The discipline of computer science is built on indirection. David Wheeler famously said, 'All problems in computer science can be solved by another layer of indirection. But that usually will create another problem'. We propose that every computer security vulnerability is yet another problem created by the indirections in system designs and that focusing on the indirections involved is a better way to design, evaluate, and compare security solutions. We are not proposing that indirection be avoided when solving problems, but that understanding the relationships between indirections and vulnerabilities is key to securing computer systems. Using this perspective, we analyze common vulnerabilities that plague our computer systems, consider the effectiveness of currently available security solutions, and propose several new security solutions.

  5. Wireless physical layer security

    NASA Astrophysics Data System (ADS)

    Poor, H. Vincent; Schaefer, Rafael F.

    2017-01-01

    Security in wireless networks has traditionally been considered to be an issue to be addressed separately from the physical radio transmission aspects of wireless systems. However, with the emergence of new networking architectures that are not amenable to traditional methods of secure communication such as data encryption, there has been an increase in interest in the potential of the physical properties of the radio channel itself to provide communications security. Information theory provides a natural framework for the study of this issue, and there has been considerable recent research devoted to using this framework to develop a greater understanding of the fundamental ability of the so-called physical layer to provide security in wireless networks. Moreover, this approach is also suggestive in many cases of coding techniques that can approach fundamental limits in practice and of techniques for other security tasks such as authentication. This paper provides an overview of these developments.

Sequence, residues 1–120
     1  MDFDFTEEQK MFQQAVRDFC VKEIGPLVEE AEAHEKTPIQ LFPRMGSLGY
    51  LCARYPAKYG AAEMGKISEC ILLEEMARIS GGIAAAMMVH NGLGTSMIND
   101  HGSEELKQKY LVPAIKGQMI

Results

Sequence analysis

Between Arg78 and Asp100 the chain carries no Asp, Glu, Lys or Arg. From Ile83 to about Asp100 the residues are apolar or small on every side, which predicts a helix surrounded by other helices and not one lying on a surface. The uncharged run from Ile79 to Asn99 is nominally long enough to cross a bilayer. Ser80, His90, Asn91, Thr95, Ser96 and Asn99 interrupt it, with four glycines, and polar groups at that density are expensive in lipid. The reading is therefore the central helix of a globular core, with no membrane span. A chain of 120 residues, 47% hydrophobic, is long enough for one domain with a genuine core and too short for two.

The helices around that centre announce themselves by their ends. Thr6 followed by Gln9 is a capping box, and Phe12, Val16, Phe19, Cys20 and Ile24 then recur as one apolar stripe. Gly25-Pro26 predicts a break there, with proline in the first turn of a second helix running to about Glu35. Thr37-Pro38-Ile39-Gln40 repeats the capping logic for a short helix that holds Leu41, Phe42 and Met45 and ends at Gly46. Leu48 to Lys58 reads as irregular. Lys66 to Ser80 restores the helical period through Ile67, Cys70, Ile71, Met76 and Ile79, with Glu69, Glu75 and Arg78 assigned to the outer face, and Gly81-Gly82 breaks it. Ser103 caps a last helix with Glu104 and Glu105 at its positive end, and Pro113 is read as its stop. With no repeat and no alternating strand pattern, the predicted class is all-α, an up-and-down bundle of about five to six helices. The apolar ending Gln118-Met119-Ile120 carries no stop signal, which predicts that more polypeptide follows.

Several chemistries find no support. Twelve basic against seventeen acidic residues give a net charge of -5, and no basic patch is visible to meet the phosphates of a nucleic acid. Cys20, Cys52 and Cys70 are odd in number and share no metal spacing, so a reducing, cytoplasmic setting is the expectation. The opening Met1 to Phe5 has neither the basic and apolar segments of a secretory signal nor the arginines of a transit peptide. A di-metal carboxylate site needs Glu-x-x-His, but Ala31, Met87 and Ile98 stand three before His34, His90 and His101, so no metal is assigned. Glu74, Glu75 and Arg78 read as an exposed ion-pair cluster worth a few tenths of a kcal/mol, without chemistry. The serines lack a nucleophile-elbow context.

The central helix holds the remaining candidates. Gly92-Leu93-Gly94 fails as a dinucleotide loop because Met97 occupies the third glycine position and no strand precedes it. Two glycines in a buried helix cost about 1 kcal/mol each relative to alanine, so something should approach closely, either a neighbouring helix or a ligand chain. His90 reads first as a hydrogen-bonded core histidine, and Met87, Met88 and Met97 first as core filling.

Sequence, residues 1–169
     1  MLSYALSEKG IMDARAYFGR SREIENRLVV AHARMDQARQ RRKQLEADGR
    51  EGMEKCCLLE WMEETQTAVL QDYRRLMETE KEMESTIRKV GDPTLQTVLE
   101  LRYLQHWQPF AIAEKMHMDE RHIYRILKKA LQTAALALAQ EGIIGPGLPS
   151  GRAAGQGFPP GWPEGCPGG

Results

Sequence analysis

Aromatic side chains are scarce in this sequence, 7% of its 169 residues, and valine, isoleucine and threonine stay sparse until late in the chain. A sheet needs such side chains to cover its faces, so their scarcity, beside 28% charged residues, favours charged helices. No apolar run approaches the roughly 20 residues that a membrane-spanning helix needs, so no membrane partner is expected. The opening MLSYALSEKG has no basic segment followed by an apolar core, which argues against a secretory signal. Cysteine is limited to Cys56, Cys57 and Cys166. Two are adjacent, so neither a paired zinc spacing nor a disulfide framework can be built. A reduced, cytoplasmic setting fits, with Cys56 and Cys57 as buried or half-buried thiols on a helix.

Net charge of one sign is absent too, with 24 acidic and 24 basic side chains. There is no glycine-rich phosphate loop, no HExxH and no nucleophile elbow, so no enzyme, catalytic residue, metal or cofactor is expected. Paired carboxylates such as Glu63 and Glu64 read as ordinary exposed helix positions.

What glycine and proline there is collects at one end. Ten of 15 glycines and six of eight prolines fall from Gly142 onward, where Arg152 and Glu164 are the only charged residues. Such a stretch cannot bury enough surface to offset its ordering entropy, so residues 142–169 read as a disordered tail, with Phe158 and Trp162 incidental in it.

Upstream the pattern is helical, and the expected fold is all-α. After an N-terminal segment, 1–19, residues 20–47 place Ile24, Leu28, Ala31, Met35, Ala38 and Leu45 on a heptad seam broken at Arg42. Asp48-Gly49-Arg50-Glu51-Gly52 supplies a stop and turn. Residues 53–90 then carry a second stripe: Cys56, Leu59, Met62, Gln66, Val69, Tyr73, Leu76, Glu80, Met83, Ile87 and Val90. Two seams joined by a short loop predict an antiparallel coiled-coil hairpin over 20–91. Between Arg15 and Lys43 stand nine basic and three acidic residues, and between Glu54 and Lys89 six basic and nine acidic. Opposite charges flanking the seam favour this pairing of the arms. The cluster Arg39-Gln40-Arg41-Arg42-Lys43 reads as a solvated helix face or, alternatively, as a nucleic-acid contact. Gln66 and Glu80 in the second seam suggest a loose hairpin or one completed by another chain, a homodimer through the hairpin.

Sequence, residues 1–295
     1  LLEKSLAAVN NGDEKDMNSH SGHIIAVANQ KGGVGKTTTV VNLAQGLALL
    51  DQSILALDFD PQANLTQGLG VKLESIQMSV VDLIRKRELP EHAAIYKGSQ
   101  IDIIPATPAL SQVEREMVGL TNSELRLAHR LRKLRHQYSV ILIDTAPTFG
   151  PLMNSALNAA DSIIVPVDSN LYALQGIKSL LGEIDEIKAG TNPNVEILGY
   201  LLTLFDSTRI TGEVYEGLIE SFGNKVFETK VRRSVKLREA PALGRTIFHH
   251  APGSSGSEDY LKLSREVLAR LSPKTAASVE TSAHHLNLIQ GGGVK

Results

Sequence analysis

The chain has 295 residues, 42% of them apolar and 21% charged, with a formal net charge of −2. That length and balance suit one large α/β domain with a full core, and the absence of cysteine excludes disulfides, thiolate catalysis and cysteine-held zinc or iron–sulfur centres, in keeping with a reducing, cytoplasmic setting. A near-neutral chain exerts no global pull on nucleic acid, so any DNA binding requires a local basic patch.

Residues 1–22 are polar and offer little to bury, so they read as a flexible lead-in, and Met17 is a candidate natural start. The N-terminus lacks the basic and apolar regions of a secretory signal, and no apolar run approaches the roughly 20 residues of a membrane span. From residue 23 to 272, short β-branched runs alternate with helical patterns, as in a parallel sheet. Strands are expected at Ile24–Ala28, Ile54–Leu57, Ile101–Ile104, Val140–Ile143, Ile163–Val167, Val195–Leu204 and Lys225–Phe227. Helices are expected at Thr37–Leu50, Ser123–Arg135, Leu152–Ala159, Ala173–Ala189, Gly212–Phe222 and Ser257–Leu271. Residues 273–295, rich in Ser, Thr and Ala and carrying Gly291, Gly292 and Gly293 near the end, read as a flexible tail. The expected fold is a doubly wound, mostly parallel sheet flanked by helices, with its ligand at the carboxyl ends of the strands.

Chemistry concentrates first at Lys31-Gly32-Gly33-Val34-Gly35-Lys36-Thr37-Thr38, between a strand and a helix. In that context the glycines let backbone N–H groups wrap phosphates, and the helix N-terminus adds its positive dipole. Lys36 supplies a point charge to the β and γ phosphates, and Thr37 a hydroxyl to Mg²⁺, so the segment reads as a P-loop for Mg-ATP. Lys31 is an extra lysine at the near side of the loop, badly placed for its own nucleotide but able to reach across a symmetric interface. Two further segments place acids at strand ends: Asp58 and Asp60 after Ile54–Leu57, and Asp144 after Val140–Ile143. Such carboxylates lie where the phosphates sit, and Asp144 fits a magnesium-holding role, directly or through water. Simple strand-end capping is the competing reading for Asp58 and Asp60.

6. Wireless physical layer security

    PubMed Central

    Schaefer, Rafael F.

    2017-01-01

    Security in wireless networks has traditionally been considered to be an issue to be addressed separately from the physical radio transmission aspects of wireless systems. However, with the emergence of new networking architectures that are not amenable to traditional methods of secure communication such as data encryption, there has been an increase in interest in the potential of the physical properties of the radio channel itself to provide communications security. Information theory provides a natural framework for the study of this issue, and there has been considerable recent research devoted to using this framework to develop a greater understanding of the fundamental ability of the so-called physical layer to provide security in wireless networks. Moreover, this approach is also suggestive in many cases of coding techniques that can approach fundamental limits in practice and of techniques for other security tasks such as authentication. This paper provides an overview of these developments. PMID:28028211